Court order to demolish West Bank outpost hinders issue's resolution, Israeli officials say
Speaking following meeting of Netanyahu's top cabinet ministers, sources say no decision was made; Vice PM Shalom: Likud should push law to regulate settlement project.
A High Court of Justice order to demolish structures in a West Bank settlement turned the issue into a difficult one to resolve, Israeli officials said following a meeting of Prime Minister Benjamin Netanyahu's senior cabinet members on Friday.
Cabinet ministers have convened several times in the past few weeks to discuss the future of illegal buildings in the Ulpana neighborhood of the West Bank settlement of Beit El, built on private Palestinian land.
Earlier this week the High Court of Justice ordered the demolition of the buildings by July 1, in a rejection of the state's request that it reconsider its ruling.
The court said the state had pledged a year ago to evacuate the houses by July 1 and there were no extenuating circumstances requiring it to revisit the matter.
It was estimated that Friday's meeting would center around discussion of the ways to get around the High Court ruling, including by passing a law approving the disputed buildings.
Many Likud ministers are said to approve such an option in the belief it will greatly inhibit the ability of the Palestinians to demand the land, which they claim is theirs.
According to officials with knowledge of Friday's meeting, the first such session participated by new Vice Prime Minister Shaul Mofaz, the meet culminated without any outstanding decisions on the matter.
The sources further indicated that the High Court rejection of the state's request complicated the issue to the point in which a solution was not currently in sight.
Aside from Netanyahu and Mofaz, the meeting was also participated by Defense Minister Ehud Barak, Strategic Affairs Minister Moshe Ya'alon, Minister Benny Begin, and Justice Minister Yaakov Neeman.
Meanwhile, Vice Prime Minister Silvan Shalom spoke to the head of the Beit El council, telling him that there was no other possibility but to legislate a declarative law on the matter.
Shalom said that settlement in the West Bank was a value that the Likud wished to advance and that it was pointless to fight for each hill, necessitating a law that would allow further the establishment of the settlement project.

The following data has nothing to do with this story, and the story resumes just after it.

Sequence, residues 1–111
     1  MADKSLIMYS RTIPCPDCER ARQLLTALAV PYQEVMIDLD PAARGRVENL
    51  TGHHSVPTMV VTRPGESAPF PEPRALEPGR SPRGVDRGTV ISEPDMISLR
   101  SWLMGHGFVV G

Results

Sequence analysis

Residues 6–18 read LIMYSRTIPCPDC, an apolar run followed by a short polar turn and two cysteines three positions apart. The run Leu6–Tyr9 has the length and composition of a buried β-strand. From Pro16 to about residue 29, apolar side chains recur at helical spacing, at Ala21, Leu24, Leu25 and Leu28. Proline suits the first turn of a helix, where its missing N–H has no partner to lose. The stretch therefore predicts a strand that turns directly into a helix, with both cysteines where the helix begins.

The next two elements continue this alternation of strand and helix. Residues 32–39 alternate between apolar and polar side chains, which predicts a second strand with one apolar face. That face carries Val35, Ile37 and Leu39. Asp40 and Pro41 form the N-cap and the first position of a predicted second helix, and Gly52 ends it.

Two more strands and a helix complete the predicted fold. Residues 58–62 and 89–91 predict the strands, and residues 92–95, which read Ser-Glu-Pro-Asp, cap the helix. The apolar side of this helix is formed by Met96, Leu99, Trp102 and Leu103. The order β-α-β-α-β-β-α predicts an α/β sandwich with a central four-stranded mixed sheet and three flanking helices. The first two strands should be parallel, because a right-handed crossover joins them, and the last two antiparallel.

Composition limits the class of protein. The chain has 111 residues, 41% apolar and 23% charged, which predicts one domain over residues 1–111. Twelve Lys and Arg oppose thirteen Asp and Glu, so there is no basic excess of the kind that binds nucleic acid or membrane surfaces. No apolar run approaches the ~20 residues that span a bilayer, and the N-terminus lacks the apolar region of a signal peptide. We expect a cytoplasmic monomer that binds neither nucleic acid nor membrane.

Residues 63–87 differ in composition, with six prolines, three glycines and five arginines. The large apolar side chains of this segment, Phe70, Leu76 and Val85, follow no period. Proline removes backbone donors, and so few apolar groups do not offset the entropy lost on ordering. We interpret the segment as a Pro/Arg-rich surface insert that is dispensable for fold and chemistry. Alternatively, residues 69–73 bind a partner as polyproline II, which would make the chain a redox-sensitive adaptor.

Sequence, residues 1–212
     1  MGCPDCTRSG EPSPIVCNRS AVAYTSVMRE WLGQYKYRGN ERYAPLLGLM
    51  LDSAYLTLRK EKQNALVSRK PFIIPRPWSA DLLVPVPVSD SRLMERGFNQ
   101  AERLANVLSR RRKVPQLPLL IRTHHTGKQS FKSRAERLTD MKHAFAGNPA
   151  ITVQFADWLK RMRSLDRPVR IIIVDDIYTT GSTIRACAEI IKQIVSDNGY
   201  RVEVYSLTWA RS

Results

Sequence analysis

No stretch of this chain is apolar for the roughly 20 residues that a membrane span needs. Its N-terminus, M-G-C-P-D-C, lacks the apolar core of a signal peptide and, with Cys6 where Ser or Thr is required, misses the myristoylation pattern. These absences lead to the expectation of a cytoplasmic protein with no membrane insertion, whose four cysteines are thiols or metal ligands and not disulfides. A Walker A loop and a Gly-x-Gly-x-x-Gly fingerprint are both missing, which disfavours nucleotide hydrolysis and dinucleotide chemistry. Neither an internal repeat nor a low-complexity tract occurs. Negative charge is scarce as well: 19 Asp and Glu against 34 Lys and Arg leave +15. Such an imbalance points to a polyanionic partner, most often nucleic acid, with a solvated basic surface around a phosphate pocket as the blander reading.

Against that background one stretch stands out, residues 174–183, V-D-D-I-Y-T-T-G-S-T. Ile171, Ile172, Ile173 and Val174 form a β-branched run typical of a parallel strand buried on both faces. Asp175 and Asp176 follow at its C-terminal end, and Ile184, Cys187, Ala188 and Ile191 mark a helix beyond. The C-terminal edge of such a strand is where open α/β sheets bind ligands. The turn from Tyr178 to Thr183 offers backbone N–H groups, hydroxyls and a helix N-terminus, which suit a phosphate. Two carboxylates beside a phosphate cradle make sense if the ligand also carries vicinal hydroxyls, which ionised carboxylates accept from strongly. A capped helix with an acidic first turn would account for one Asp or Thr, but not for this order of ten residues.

Netanyahu said earlier this week "thought should be given" to a law that would provide retroactive approval for the buildings, the first time he had not outrightly rejected the notion.
Such a law would be likely to be met with harsh international criticism.
The Defense Ministry, which supports evacuation of the houses, is considered unlikely to propose new solutions. Its position is that the buildings should be demolished as the High Court ordered, and its residents moved to homes in Beit El, built on state land.
Residents of the Ulpana neighborhood said Monday they had no intention of negotiating a departure from their homes, and that it was up to the state to solve their problem.
In the case of the West Bank outpost of Migron, the High Court also rejected the state's request to postpone that evacuation. The court reaffirmed its order that Migron be evacuated by August 1, 2012.
On March 1, Begin and the residents of Migron reached an agreement for the voluntary evacuation, after the state decided on February 26 to fund two temporary housing solutions for the residents of the illegal outpost. Each temporary housing project would cost at least NIS 25 million. In Migron the settlers agreed to move from prefabricated, temporary homes to permanent housing, whereas in Ulpana the residents are being asked to leave permanent housing which they consider their dream homes.